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Turner Construction Co. v. MJ Flaherty Co.

Superior Court of Massachusetts, Suffolk

March 7, 2017

Turner Construction Company
v.
MJ Flaherty Company No. 136681

          Filed March 8, 2017

          MEMORANDUM OF DECISION AND ORDER ON PLAINTIFF'S MOTION FOR SUMMARY JUDGMENT AND PLAINTIFF'S MOTION TO STRIKE THE EXPERT REPORT OF JACK GRANT

          Mitchell H. Kaplan, Justice of the Superior Court.

         INTRODUCTION

         This case arises out of a subcontract between the plaintiff, Turner Construction Company (Turner), and the defendant M.J. Flaherty Company (Flaherty). Turner was the general contractor on the construction of a 23-story commercial building at 157 Berkeley Street and certain related remodeling of an adjacent building for Liberty Mutual Insurance Company (the Project). Flaherty entered into a subcontract with Turner to perform the HVAC work on the Project (the Subcontract). The initial value of the Subcontract was $12, 462, 252. Turner brought this action against Flaherty to recover damages that it alleges that it suffered when Flaherty failed to complete its work on the Project and Turner had to hire another subcontractor to complete the HVAC work.[1]

         Flaherty has asserted counterclaims against Turner. Some of these claims are based on Turner's failure to pay Flaherty for all of the work that it performed. Here, the amount in dispute is complicated by the fact that in early 2013 several sub-subcontractors and material suppliers to Flaherty were not being paid and began to file notices of contract in anticipation of asserting mechanics' liens on the Project. In response, Turner entered into a series of agreements with Flaherty pursuant to which it issued checks to Flaherty for subcontracted work that were made jointly payable to Flaherty and the vendors to insure that they were being paid out of the sums Turner was disbursing to Flaherty.

         Flaherty, however, also has alleged that as a result of the manner in which Turner ran the Project, Flaherty was so adversely affected that the value of Flaherty as a going concern was adversely impacted and this resulted in a $6.4 million reduction in Flaherty's " new worth." This is, of course, a paradigm claim for consequential damages. This claim is the subject of the motion now before the court.

         It would be an extraordinary understatement to say that this case has a tortured procedural history. Turner has filed two previous motions for summary judgment that the court was unable to decide on their merits because they were premature or otherwise not properly before the court. It is treating this motion as a motion for partial summary judgment seeking dismissal of so much of the counterclaims as assert claims for consequential damages, and, to that extent, Turner's motion for summary judgment is ALLOWED.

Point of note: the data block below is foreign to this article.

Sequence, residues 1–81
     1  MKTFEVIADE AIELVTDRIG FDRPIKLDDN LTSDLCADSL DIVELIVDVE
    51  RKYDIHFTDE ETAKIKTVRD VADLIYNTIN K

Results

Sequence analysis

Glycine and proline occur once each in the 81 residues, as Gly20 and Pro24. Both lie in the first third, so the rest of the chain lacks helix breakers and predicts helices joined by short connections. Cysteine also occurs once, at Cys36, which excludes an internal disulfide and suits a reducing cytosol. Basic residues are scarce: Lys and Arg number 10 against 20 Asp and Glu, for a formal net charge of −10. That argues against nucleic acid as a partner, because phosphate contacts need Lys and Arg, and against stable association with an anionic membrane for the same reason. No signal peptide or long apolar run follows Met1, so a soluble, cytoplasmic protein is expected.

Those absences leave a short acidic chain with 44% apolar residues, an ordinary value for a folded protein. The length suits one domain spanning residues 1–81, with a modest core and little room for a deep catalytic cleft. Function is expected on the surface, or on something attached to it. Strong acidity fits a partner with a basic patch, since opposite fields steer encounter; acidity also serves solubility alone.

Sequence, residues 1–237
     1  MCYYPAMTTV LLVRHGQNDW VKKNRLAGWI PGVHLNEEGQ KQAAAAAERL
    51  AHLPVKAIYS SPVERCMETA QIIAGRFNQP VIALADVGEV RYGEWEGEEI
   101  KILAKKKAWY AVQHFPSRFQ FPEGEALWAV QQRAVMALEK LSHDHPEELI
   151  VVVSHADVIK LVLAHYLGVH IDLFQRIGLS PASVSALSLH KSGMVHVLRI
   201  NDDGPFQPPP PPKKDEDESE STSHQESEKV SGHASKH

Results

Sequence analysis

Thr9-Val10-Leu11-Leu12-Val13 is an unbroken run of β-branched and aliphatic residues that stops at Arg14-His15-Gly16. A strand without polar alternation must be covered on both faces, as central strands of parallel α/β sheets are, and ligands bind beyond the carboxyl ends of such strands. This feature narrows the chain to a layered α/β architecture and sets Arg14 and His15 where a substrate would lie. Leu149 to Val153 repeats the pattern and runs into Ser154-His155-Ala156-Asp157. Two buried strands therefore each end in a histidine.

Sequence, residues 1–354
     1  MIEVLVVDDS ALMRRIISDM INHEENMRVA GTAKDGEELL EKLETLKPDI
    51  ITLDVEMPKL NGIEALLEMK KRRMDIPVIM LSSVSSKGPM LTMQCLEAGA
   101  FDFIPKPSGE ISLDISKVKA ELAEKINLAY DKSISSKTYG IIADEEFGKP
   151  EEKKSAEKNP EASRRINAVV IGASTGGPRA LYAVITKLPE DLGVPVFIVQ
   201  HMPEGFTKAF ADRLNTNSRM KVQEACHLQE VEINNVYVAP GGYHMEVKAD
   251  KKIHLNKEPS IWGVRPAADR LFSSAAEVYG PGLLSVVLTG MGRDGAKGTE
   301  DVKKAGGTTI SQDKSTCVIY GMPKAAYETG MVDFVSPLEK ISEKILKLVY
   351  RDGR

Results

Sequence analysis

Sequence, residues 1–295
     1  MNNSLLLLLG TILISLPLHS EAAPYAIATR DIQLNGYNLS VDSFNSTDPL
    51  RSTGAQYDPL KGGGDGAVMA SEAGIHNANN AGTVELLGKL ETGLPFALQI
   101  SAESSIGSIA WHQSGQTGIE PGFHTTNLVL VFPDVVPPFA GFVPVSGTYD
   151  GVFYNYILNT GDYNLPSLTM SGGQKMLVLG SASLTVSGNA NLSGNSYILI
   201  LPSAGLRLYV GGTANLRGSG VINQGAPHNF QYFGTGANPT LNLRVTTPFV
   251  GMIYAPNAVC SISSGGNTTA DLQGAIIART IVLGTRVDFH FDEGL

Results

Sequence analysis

ADDITIONAL FACTS

         There are only a few additional facts that need be recited in connection with Flaherty's claim for consequential damages.

         As is typical of subcontracts for large, commercial building projects, the Subcontract contained a clause eliminating Flaherty's right to recover consequential damages.

Notwithstanding any term or provision herein to the contrary, Subcontractor expressly waives and releases all claims or rights to recover lost profit (except for profit on work actually performed), recovery of overhead (including home office overhead), and any other indirect damages, costs or expenses in any way arising out of or related to the Agreement, including the breach thereof by Contractor, delays, charges, acceleration, loss of efficiency or productivity disruptions and interference with the performance of the work.

         A number of change orders were issued for the HVAC work which increased the project price by something in excess of 20%. Flaherty asserts, and for purposes of this motion it is accepted as true, that Turner's project schedule was very aggressive. Additionally, changes to the schedule and project sequencing " negatively impacted . . . Flaherty's manner and method of performance and this increased Flaherty's costs" and made the project much more difficult for Flaherty to perform.

         DISCUSSION

         Summary ...


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